I'll Take You There
The prologue for I’LL TAKE YOU THERE, Wally Lamb’s sixth novel, invites readers to an easy trip along the Geezerdom parkway. The central character, Felix Funicello, was introduced in Lamb’s previous book, WISHIN’ AND HOPIN’, but he seamlessly brings us up to date. By day, Felix is a professor of film history at Hunter College, and on Monday nights he drives to the Ye Olde Garde Theatre in New London to show movies to a little band of loyal film buffs.
Ye Olde Garde Theatre provides an exquisite setting for the three interlinking stories that Felix tells. It opened in 1926 as a “photoplay” house and vaudeville stage; the interior is Moroccan Revival style, and the lobby is huge with mosaic floor tiles and a grand staircase. Felix pauses as he opens the massive doors to review its colorful history --- he clearly loves the role he plays as teacher and mentor --- when two translucent females appear, “vividly detailed but as insubstantial as cigarette smoke”: Lois Weber, a director of great renown of American film, and Billie Dove, “the American Beauty” who appeared in the “Ziegfeld Follies” and was a popular actress of the ’20s. There are pointed and informative exchanges between the two ghostly women and the very bewildered Felix about the early stages of the movie industry. Lamb has quickly established the central theme of the novel: determining and understanding the unfairness that all women, decades back and at present times, continually face.
"The prologue for I’LL TAKE YOU THERE...invites readers to an easy trip along the Geezerdom parkway. The central character, Felix Funicello, was introduced in...WISHIN’ AND HOPIN’, but [Lamb] seamlessly brings us up to date."
Felix is given a film canister for each year of his life with instructions that he may reenter his life at any stage. He looks at each tin curiously and, just as the unthinkable scenario is becoming real and Lois Weber is fading away, asks, “Why have I been chosen?” Because you’ve been deemed “educable.” Because you grew up with sisters. Because you are the father of a young woman in the fray of modern life. Felix has great potential. And, apparently, there is a need for the pieces of his life to come together.
He chooses to begin with 1959, when he is six years old, and watches some familiar family scenes with his mom and pop, sisters Simone and Frances, and Uncle Ziggy. The novel begins to spread out here, introducing the Rheingold Beer girls from a popular beauty contest of that era, as well as glimpses of children from a neighborhood orphanage. As that segment of the 1959 film ends, Felix’s confusion increases. His reliving of some hateful moments with Frances and the embarrassment she suffers from one of the Rheingold Beer girls is still fresh after more than 40 years. As he switches down the power (leaving only the ghost lights on) and exits the Theatre, he is relieved that all of the other canisters have disappeared.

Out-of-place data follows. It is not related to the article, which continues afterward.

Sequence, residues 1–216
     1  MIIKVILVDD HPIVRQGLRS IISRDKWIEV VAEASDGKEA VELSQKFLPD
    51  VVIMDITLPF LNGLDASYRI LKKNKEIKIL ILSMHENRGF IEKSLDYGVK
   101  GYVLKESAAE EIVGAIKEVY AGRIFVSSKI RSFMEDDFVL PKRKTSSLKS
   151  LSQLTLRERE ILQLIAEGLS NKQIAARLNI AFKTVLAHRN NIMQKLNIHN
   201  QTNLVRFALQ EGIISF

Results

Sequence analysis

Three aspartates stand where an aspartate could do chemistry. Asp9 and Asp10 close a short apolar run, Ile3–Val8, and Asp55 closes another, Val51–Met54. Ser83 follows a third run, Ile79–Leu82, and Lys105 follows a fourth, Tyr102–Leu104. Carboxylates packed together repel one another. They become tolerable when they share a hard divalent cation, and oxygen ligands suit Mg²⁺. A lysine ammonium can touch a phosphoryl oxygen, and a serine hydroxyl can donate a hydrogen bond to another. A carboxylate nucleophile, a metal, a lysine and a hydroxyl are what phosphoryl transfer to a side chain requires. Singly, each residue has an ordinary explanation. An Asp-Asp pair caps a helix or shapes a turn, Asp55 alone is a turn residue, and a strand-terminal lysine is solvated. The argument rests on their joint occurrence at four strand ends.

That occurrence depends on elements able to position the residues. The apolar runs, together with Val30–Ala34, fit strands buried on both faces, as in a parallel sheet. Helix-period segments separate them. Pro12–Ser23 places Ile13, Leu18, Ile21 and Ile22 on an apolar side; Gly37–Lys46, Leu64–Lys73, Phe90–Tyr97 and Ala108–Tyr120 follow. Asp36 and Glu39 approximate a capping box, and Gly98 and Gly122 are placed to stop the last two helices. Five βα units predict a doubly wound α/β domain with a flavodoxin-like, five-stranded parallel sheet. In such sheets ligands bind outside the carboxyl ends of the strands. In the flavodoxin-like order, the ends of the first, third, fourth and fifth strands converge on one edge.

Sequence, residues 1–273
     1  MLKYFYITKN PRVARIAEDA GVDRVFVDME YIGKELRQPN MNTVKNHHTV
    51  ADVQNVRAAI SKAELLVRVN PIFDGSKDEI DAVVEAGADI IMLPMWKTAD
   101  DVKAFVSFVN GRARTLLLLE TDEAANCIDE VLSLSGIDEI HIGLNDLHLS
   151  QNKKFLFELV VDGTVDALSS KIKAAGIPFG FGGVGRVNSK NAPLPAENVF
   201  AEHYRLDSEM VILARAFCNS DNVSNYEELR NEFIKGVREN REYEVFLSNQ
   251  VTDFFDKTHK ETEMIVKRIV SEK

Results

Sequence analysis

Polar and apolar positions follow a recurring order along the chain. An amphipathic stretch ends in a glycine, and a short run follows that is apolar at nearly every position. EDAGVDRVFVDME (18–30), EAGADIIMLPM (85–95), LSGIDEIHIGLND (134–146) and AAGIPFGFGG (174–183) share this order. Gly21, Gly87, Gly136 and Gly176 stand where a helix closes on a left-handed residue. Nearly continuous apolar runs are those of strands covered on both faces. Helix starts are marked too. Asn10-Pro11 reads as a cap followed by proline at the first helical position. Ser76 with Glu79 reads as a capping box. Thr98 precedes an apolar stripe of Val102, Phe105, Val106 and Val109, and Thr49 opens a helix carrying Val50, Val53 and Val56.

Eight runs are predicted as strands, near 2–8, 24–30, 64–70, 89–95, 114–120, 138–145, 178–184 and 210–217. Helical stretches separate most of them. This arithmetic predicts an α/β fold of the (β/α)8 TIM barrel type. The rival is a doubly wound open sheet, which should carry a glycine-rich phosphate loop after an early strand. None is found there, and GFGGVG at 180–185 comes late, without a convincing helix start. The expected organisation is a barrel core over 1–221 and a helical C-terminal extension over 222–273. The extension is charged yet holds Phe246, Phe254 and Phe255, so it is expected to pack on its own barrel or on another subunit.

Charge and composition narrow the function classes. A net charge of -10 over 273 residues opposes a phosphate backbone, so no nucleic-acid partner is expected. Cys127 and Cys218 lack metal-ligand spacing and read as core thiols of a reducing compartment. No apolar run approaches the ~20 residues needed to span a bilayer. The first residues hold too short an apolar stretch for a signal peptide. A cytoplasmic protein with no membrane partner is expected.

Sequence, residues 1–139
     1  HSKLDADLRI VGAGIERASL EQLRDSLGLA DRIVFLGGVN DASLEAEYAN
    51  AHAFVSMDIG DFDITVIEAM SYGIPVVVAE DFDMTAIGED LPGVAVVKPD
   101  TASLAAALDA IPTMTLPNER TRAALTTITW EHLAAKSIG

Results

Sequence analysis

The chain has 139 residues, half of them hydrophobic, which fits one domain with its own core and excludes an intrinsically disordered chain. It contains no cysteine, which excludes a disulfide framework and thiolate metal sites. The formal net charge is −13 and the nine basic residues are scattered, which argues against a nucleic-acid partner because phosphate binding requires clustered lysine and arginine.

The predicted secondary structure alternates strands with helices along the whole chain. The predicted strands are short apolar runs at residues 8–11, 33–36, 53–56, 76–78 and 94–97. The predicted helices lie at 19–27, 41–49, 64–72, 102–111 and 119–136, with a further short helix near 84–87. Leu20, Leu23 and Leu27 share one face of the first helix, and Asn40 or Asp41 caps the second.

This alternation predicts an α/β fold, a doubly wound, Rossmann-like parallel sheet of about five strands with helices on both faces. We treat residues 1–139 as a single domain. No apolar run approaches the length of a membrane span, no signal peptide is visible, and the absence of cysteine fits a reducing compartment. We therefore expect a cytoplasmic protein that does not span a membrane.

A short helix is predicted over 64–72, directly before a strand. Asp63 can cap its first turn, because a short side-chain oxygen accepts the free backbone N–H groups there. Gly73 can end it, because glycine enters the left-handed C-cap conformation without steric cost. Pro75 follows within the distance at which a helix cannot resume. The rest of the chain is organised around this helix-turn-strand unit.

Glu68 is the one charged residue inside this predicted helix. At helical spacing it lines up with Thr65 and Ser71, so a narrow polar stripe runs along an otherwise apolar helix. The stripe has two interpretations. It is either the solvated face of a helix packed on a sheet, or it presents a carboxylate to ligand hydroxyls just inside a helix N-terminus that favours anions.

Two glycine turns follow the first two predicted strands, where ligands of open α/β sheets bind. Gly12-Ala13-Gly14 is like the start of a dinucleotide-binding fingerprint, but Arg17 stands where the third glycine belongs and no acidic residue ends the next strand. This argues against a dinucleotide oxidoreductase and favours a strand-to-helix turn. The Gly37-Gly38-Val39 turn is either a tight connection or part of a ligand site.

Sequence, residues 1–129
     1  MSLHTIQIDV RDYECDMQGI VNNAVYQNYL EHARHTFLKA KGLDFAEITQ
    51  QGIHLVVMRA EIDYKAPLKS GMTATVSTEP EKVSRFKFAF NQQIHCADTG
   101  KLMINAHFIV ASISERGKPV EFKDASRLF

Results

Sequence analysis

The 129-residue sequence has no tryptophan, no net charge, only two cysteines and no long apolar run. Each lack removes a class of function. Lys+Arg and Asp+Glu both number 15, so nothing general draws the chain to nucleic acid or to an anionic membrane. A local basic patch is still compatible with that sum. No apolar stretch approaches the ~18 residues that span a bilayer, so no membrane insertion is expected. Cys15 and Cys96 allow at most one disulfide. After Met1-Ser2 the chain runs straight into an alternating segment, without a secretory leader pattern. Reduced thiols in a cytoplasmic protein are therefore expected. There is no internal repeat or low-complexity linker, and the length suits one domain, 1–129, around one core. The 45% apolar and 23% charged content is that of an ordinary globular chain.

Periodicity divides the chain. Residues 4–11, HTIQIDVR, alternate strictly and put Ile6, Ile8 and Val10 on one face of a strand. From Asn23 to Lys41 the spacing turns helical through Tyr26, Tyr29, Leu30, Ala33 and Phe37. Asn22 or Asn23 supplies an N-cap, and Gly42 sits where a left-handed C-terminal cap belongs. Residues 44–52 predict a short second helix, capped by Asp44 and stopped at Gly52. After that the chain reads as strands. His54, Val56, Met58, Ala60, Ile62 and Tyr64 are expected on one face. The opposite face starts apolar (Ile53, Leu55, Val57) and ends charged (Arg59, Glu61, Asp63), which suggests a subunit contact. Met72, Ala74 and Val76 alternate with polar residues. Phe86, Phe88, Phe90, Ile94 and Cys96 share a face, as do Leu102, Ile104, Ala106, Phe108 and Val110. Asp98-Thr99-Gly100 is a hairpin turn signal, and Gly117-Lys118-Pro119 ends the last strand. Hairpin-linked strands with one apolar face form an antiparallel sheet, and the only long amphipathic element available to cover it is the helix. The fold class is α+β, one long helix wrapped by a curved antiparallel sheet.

That evening, he talks with his daughter on the phone once again; she just happens to have finished an article on how the Rheingold Beer marketing bonanza occurred, and she sends it to Felix for his (and our) approval. Her work gives more background on the state of women’s lives in general, and the beauty queen mentality in particular.
When Felix returns to Ye Olde Garde Theatre the following Monday, Ingrid Bergman joins the conversation before he puts in the reel for 1965. He and the ghosts chat back and forth as they watch his family drama continue, and they touch on many feminist issues still in play today. A final connection with the ethereal world of spirits introduces a would-be contestant for one of the Rhinegold Beer extravaganzas, and her earthy, sad story answers the questions that, when I’LL TAKE YOU THERE began, Felix did not know he had.
Reviewed by Jane Krebs on November 22, 2016
I'll Take You There
- Publication Date: November 22, 2016
- Genres: Fiction
- Hardcover: 272 pages
- Publisher: Harper
- ISBN-10: 0062656287
- ISBN-13: 9780062656285